TALLAHASSEE, Fla. – A state commission tasked with making school-safety policy recommendations to the Florida Legislature approved a draft report on Thursday that will highlight a need for more mental health funding.
The report, crafted by the Marjory Stoneman Douglas High School Public Safety Commission, is expected to be finalized and sent to Gov. Ron DeSantis, Senate President Bill Galvano and House Speaker José Oliva as early as Friday.
Pinellas Sheriff Bob Gualtieri, the chairman of the commission, said Thursday that the only thing left to do on the report is fix "typos and spelling, nothing substantive."
Once finalized, the report will be the second set of recommendations issued by the commission, which was created following a February 2018 mass shooting at the Parkland school, which left 17 students and faculty dead and 17 others injured.
Following a conference call on Thursday, commissioners made a few last-minute changes to the 150-page report, including a recommendation that would allow Florida judges to offer mental health treatment options to minors who enter the criminal justice system.
Commissioners had already made a number of recommendations to Florida lawmakers that focused on mental health, including a request for more money, based on a finding that the state's "mental health system is not adequately funded."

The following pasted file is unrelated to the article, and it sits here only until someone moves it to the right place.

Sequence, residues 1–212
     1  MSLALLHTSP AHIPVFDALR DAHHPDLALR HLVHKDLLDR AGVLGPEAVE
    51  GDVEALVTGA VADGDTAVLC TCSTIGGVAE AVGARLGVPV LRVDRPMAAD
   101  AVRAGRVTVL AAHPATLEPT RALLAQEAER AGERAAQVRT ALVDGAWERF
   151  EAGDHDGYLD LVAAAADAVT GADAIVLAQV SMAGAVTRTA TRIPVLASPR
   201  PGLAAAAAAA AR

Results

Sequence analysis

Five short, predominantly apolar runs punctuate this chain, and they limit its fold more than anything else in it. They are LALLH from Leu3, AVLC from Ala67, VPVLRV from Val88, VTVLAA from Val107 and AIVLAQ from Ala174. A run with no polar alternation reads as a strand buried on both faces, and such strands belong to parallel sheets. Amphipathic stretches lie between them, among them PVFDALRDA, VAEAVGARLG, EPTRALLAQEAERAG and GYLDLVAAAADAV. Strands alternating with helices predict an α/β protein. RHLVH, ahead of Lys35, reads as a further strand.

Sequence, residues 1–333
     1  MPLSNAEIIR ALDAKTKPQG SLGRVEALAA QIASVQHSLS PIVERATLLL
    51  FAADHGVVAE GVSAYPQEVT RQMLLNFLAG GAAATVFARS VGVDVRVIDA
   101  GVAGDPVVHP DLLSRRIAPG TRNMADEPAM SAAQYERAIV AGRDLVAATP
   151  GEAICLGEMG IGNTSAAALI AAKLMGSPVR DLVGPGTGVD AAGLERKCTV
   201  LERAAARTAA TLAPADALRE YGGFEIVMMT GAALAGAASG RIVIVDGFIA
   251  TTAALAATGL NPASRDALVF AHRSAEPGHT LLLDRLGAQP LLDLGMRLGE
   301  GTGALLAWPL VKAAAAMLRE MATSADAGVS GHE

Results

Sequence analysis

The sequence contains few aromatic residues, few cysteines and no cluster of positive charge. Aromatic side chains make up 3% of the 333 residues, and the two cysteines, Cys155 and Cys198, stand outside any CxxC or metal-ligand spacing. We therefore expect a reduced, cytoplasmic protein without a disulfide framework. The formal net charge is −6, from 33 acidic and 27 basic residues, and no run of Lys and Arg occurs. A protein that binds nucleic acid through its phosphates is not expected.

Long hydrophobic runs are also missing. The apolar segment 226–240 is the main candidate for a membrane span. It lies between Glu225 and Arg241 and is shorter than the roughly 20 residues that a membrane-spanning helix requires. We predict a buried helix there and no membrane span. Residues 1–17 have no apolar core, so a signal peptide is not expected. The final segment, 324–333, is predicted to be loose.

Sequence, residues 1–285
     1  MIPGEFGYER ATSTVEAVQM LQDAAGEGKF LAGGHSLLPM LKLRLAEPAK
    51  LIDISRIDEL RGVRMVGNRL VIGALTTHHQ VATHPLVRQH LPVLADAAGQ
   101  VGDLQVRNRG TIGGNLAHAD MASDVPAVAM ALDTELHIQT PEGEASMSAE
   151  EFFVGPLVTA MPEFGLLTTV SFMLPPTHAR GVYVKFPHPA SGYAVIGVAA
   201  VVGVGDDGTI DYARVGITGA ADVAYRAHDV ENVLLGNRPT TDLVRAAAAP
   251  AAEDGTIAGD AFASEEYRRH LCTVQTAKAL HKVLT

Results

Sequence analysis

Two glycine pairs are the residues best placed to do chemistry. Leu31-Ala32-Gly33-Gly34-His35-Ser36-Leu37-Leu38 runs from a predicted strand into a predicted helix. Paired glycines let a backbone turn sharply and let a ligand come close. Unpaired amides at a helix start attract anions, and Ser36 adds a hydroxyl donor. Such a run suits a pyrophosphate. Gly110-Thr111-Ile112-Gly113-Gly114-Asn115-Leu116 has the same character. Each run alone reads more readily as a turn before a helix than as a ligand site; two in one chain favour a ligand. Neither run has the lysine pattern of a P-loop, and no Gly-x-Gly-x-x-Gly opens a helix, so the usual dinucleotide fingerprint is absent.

While the commission has not specified a dollar amount, it did note that lawmakers should require entities that receive state funding for mental health to coordinate with public and private entities, "especially school-based providers."
The report also recommends lawmakers put a "greater focus on prevention" by teaching students about character development and "social-emotional learning." Commissioners said the lessons should start in pre-kindergarten and continue through 12th grade.
"It is important we help youth develop empathy for others, learn how to make decisions, problem solve, resolve conflict, advocate for themselves in an appropriate way, develop self-esteem, and identify and handle their emotions," the draft report states.
Other recommendations made by the commission include changes to the controversial school "guardian" program, which was created after the Parkland shooting. The program allows specially trained school personnel, including classroom teachers, to have guns on school grounds, with the intent of protecting students during active-shooter situations.
Commissioners suggested that guardians undergo more training to improve their knowledge of how to shoot at night or in low-light conditions. They also want law enforcement officers who are employed by a school police force to be trained on how to navigate interactions with individuals who have a mental illness.
State lawmakers will consider the findings and recommendations in the report during the 2020 legislative session, which starts in January.